Refugees boost Altona economy

Families have been putting down roots in the rural community


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ALTONA — While nurturing newcomers from faraway places, one Manitoba town is reaping the benefits as they stimulate the local economy — and their palate.

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Hey there, time traveller!
This article was published 03/11/2017 (1917 days ago), so information in it may no longer be current.

ALTONA — While nurturing newcomers from faraway places, one Manitoba town is reaping the benefits as they stimulate the local economy — and their palate.

Venezuelans are opening a gelato factory and Syrians have started a catering company in Altona, a place that welcomed them and their dreams and where they’ve set down roots and plan to stay.

“It’s the people and the opportunities for our business,” said entrepreneur Suner Gascon. She and her engineer husband, Pedro Lopez, brought their four children and the recipe for a successful gelato business to Canada from Venezuela five years ago. Now, the couple are preparing to open a gelato factory in January.

CAROL SANDERS/WINNIPEG FREE PRESS Mustafa Alsaid Hammoud and his wife Mona Al Khatib (not pictured) started their catering company Damascus Foods after arriving in Altona two years ago with their three kids. Mustafa, who was a chef in Damascus, prepares shawarmas for a group of journalism students and staff from Princeton University Wednesday at Altona’s Bergthaler Mennonite Church.

“The town is helping,” Gascon said of Altona, a community of more than 4,100 people, located roughly 100 kilometres southwest of Winnipeg.

The couple is working on a deal to set up their gelato operation in a building on a rent-to-own basis, she said. Gascon and Lopez both work at Friesens Corporation printers in Altona.

They started making 600-litre batches of their Tropi-brand sweet frozen treat in test kitchens at the University of Manitoba, Gascon said.

They’ve been selling it for $2.50 a cup at Co-op Gas Bars in Altona and Morris, where it’s available in three flavours: raspberry, chocolate and a vanilla-chocolate swirl. The gelato is made without preservatives or artificial colours, emulsifiers or homogenizers or modified dairy products, the product literature says, and qualifies as a “reduced-fat ice cream.”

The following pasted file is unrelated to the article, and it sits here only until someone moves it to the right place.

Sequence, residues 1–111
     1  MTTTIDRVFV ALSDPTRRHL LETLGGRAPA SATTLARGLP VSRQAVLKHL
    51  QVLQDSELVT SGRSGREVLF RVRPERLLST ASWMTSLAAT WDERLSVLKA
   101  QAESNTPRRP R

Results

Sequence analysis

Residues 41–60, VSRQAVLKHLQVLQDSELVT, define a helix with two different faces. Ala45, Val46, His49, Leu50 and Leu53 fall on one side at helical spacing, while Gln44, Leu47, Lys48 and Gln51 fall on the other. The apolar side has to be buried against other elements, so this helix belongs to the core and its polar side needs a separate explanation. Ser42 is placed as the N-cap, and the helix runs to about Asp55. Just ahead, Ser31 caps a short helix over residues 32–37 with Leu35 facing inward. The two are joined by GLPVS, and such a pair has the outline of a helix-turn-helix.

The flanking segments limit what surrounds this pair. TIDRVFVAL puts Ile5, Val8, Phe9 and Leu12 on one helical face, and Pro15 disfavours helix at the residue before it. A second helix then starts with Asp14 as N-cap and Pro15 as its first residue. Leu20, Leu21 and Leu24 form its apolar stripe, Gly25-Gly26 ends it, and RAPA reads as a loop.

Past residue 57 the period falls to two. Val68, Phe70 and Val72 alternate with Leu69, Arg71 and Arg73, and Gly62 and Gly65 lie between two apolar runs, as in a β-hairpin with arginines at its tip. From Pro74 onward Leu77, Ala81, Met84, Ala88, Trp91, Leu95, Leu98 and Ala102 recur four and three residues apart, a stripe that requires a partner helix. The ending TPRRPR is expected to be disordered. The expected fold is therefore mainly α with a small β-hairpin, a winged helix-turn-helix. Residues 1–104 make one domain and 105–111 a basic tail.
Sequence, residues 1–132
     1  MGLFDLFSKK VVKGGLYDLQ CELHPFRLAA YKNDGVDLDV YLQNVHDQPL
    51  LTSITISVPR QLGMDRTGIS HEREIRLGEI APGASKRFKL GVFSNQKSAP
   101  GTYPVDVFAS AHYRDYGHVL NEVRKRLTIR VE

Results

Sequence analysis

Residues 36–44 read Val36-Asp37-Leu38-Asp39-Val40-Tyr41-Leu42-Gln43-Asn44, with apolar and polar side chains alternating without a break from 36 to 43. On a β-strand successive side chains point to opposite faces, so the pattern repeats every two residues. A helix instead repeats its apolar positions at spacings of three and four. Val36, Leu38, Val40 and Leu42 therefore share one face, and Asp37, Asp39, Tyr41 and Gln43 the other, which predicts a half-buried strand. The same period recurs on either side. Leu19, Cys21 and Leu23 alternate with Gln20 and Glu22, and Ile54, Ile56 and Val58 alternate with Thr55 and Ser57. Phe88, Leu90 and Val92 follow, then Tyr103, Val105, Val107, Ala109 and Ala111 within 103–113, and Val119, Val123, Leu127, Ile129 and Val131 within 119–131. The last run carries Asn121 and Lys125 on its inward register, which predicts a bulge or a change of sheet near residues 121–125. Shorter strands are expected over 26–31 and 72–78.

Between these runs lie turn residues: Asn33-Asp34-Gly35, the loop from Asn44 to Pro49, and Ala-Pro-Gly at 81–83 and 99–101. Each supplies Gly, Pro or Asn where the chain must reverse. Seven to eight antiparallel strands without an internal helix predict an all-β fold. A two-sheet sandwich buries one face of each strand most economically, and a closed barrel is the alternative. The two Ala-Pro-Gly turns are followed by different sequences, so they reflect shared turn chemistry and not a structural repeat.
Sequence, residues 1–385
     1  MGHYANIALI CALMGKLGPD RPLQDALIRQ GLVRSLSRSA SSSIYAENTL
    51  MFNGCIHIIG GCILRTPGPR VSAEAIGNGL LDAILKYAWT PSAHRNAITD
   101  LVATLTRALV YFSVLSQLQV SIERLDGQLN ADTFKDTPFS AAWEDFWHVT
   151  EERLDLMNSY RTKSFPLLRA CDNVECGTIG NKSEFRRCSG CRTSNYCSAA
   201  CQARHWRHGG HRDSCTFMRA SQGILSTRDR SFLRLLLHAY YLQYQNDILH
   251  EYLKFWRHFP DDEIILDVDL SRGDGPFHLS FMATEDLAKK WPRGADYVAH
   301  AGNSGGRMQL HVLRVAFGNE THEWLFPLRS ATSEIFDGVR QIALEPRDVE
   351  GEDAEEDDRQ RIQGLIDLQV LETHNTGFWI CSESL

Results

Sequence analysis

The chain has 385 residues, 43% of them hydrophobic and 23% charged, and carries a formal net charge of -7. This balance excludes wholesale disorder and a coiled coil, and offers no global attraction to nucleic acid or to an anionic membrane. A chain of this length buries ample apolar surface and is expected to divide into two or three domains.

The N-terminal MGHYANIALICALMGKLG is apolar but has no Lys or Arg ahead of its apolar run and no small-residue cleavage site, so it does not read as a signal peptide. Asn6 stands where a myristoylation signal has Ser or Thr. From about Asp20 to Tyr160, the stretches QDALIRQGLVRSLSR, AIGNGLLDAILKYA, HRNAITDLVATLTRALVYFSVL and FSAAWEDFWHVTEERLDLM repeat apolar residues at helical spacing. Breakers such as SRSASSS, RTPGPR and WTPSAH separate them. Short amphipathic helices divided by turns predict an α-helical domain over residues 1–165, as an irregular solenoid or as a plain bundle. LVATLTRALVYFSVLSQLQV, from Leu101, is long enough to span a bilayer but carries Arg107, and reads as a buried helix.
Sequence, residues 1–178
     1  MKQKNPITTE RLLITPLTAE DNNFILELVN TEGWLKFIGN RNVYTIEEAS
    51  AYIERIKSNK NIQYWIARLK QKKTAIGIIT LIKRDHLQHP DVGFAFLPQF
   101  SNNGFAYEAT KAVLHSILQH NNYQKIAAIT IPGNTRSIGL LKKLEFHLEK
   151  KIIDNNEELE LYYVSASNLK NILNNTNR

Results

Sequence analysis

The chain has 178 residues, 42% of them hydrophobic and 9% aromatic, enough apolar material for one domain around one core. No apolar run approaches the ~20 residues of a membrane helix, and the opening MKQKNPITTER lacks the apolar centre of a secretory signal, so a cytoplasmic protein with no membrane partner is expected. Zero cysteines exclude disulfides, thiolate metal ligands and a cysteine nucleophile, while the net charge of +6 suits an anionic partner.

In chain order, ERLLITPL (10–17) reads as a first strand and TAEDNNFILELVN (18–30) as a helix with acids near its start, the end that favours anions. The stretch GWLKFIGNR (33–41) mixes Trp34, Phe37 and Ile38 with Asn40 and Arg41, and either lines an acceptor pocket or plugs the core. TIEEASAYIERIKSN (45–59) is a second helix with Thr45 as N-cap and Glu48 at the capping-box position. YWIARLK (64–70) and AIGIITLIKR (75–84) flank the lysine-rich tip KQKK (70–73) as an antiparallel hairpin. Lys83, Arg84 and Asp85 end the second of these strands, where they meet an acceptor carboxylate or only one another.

With the help of their new hometown, Gascon and Lopez plan to increase the operation to market their gelato across Canada and the United States.

“This is our dream,” Gascon said.

When they lived in El Tigre, Venezuela, their gelato business employed 10 people. When they get the plant up and running in 2018, Gascon expects they will start with five employees and create more jobs as approvals to distribute to the U.S. come in.

The couple first settled in Winnipeg but were drawn to Altona by Friesens Corp., Gascon said. The employer took the family under its wing and helped them and their four sons — two of whom are now studying engineering at university — get established, she said, adding they feel rooted in Altona.

A Syrian chef who arrived in Altona two years ago with his wife, three children and an entrepreneurial spirit says he feels the same way.

Mustafa Alsaid Hammoud found work cooking at a restaurant in Winnipeg, but he and his wife, Mona Al Khatib, say they couldn’t bring themselves to move away from the town that sponsored them as refugees and treated them like family.

“The people are very kind and I like to live here, in a small town,” Al Khatib said. “Our children (ages eight, six and five) are safe.”

Her husband quit the hour-plus drive each way to work, and recently started a catering company: Damascus Foods, named after their former home town. His specialties — falafel, fattoush salad, shawarma and hearty lentil soup — have caught on in the southern Manitoba town, said family friend Bonita Bage.

Bage belongs to Bergthaler Mennonite Church, an organization that’s taken the family under its wing through the Build a Village refugee sponsorship group, started by local businessman Ray Loewen. Since 2015, it has welcomed five Syrian families and has helped the prairie town’s population to grow.

“I think the community has accepted them very well,” Loewen said. “I think that all of the families are doing extremely well.”

The children are progressing in school and the older students are working part-time, he said. However, the parents are still in English classes, he said. “It’s a little harder for them to learn the language.”

(No one in the Syrian families spoke a word of English when they arrived in the town, but were soon immersed in the language, thanks to the efforts of volunteers and service providers, Al Khatib said.)

The church has provided kitchen space for the fledgling catering business, Bage said, whose husband is the pastor. They’re encouraging him to hold pop-up restaurants and look beyond Altona for catering jobs.

“I’m very proud of how far they’ve come.”

Carol Sanders

Carol Sanders
Legislature reporter

After 20 years of reporting on the growing diversity of people calling Manitoba home, Carol moved to the legislature bureau in early 2020.

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